Feeds

Microsoft's second Silverlight courts open-source coders

Reverse takeover

Beginner's guide to SSL certificates

Microsoft is courting open-source developers with Silverlight 2.0, as it strives for cross-platform uptake of the browser-based media plug in.

Microsoft is delivering funds, architectural and technical guidance, and project management to help Soyatec, a team of former Java developers building an open-source rich-internet application (RIA) development environment for Eclipse - Eclipse4SL. An alpha technology preview was released today here, with plans for a "feature complete" offering in December and final release in Spring 2009.

There was no word on how much money Microsoft is putting into Eclipse4SL, but this is the second Eclipse project to get the company's support - following the Standard Widget Toolkit (SWT) in March.

Eclipse4SL will use the Eclipse Integrated development environment (IDE) and Rich Client Platform (RCP), with the project designed to help integrate Silverlight-based applications with Java-based web sites and services.

The news came as Microsoft announced availability tomorrow (Tuesday) of Silverlight 2.0, which supports Mac, Linux , Firefox and Safari in addition to Windows Internet Explorer.

Microsoft is also releasing the Silverlight Control Pack (SCP) under the Microsoft Public License (MS-PL), approved by the Open Source Initative (OSI), and will publish the technical specification for the Silverlight XAML vocabulary on its hugely trafficked MSDN site.

The SCP features a bunch of Silverlight 2.0 controls, while releasing the XAML documentation under Microsoft's Open Specification Promise (OSP) is intended to help third-parties build products that can read and write XAML for Silverlight.

The SCP release was welcomed by at least one open-source project shadowing Silverlight - Moonlight. Project leader Miguel de Icaza said in a statement SCP meant developers could learn how advanced Silverlight controls are authored using Microsoft's own implementation.

Silverlight 2.0 updates the current version of Microsoft's player by adding support for its highly touted "deep zoom" technology that's been wowing audiences. This lets you enlarge minute details in graphics while retaining crystal-clear clarity. Also included is out-of-the-box support for REST, WS*, SOAP, RSS and standard HTTP, and Silverlight Digital Rights Management (DRM) using Microsoft's PlayReady technology.®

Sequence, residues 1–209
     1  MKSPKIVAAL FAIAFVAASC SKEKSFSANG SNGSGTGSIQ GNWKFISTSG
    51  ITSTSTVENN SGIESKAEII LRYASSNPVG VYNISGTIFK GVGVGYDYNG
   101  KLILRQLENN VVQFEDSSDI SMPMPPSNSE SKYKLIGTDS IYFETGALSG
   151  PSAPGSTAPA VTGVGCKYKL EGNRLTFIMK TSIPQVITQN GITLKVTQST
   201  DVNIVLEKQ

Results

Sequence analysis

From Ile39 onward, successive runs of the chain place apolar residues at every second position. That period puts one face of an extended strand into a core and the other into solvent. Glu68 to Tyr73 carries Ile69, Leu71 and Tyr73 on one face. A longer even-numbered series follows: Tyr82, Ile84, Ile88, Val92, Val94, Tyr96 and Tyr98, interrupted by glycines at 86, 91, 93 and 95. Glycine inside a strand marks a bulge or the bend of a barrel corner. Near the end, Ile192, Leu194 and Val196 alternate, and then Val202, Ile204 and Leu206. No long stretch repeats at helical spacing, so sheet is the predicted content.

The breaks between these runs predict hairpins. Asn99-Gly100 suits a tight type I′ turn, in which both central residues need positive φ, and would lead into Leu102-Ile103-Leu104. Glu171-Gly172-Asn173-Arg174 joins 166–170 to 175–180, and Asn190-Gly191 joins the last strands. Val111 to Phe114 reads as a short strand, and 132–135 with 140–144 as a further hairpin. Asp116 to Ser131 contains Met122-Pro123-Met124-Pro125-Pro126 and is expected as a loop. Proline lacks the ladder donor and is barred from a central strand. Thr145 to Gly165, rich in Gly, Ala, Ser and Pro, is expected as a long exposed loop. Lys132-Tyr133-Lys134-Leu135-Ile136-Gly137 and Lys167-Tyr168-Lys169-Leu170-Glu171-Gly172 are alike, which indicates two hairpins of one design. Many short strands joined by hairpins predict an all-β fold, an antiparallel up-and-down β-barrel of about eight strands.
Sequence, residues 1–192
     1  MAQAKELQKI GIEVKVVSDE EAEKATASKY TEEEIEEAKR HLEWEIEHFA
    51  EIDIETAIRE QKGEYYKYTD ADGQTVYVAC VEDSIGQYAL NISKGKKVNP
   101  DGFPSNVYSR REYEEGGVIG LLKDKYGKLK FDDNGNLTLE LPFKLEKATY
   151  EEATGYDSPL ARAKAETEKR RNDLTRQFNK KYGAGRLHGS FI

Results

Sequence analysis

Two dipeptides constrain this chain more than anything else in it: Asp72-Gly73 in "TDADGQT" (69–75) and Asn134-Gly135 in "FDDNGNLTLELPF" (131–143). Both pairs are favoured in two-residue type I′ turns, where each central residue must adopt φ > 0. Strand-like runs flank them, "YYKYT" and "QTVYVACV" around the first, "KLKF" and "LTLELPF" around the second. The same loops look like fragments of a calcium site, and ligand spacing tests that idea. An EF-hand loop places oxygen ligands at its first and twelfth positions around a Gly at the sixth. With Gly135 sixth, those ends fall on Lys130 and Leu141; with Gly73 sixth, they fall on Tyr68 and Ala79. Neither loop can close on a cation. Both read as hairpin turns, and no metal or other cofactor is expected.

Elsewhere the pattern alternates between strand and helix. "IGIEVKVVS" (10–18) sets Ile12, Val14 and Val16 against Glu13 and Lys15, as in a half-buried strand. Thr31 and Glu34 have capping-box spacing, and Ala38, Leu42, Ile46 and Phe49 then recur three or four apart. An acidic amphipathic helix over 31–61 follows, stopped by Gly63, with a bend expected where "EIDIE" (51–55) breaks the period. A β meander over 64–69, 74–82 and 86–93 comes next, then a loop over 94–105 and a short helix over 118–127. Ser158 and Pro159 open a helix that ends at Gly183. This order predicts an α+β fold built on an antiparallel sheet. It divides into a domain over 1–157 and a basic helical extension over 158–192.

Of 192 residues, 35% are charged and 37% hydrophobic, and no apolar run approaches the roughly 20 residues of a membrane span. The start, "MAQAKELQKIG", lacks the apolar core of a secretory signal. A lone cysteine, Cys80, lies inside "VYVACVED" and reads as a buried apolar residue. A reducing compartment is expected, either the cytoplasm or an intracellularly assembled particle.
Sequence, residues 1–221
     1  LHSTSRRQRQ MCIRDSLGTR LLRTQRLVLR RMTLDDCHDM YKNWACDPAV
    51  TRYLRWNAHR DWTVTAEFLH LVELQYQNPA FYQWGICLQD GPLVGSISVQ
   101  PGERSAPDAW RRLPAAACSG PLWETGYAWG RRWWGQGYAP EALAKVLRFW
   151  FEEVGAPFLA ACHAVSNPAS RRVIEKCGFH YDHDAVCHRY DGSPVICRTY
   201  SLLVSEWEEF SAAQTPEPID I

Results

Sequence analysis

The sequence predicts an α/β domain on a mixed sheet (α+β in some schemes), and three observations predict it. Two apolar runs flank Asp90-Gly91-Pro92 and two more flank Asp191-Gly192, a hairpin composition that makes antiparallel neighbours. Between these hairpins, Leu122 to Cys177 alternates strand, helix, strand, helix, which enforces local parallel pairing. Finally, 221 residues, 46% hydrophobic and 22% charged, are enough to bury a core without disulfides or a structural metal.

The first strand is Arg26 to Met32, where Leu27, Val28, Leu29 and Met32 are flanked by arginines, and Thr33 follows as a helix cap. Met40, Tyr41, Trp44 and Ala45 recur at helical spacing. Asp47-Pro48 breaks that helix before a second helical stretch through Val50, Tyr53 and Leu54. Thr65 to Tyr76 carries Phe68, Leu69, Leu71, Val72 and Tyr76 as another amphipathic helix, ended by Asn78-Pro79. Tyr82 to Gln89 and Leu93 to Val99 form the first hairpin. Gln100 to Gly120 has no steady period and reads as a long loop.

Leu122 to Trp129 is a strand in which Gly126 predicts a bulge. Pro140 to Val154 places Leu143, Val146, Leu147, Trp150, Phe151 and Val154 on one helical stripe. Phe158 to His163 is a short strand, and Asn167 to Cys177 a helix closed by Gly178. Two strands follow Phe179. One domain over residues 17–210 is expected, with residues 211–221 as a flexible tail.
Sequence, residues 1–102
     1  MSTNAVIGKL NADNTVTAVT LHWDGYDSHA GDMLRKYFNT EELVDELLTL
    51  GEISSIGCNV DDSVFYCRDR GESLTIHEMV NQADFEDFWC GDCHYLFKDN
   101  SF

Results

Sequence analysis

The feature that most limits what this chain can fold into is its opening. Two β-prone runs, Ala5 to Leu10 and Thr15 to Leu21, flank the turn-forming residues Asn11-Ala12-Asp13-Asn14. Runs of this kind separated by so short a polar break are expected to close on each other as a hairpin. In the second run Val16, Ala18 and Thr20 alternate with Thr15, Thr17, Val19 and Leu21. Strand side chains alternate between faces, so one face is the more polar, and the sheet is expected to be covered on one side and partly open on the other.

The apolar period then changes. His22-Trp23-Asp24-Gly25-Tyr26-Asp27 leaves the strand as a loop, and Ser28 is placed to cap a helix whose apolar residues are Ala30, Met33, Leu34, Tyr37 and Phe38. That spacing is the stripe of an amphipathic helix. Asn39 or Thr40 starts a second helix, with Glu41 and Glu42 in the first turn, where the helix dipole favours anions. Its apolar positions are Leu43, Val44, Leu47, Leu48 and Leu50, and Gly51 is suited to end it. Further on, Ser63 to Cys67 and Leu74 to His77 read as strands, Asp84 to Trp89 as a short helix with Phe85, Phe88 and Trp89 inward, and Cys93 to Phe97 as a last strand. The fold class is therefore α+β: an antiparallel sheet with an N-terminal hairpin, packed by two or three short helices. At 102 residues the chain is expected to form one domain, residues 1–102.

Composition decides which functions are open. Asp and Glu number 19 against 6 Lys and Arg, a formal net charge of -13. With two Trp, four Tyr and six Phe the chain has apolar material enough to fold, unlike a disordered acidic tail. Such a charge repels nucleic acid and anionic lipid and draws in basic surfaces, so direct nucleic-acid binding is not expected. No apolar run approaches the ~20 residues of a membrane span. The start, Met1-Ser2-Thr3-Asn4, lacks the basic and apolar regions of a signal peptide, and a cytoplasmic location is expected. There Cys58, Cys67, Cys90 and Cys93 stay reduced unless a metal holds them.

Protecting users from Firesheep and other Sidejacking attacks with SSL

More from The Register

next story
New 'Cosmos' browser surfs the net by TXT alone
No data plan? No WiFi? No worries ... except sluggish download speed
'Windows 9' LEAK: Microsoft's playing catchup with Linux
Multiple desktops and live tiles in restored Start button star in new vids
iOS 8 release: WebGL now runs everywhere. Hurrah for 3D graphics!
HTML 5's pretty neat ... when your browser supports it
'People have forgotten just how late the first iPhone arrived ...'
Plus: 'Google's IDEALISM is an injudicious justification for inappropriate biz practices'
Mathematica hits the Web
Wolfram embraces the cloud, promies private cloud cut of its number-cruncher
Mozilla shutters Labs, tells nobody it's been dead for five months
Staffer's blog reveals all as projects languish on GitHub
SUSE Linux owner Attachmate gobbled by Micro Focus for $2.3bn
Merger will lead to mainframe and COBOL powerhouse
iOS 8 Healthkit gets a bug SO Apple KILLS it. That's real healthcare!
Not fit for purpose on day of launch, says Cupertino
prev story

Whitepapers

Secure remote control for conventional and virtual desktops
Balancing user privacy and privileged access, in accordance with compliance frameworks and legislation. Evaluating any potential remote control choice.
WIN a very cool portable ZX Spectrum
Win a one-off portable Spectrum built by legendary hardware hacker Ben Heck
Storage capacity and performance optimization at Mizuno USA
Mizuno USA turn to Tegile storage technology to solve both their SAN and backup issues.
High Performance for All
While HPC is not new, it has traditionally been seen as a specialist area – is it now geared up to meet more mainstream requirements?
The next step in data security
With recent increased privacy concerns and computers becoming more powerful, the chance of hackers being able to crack smaller-sized RSA keys increases.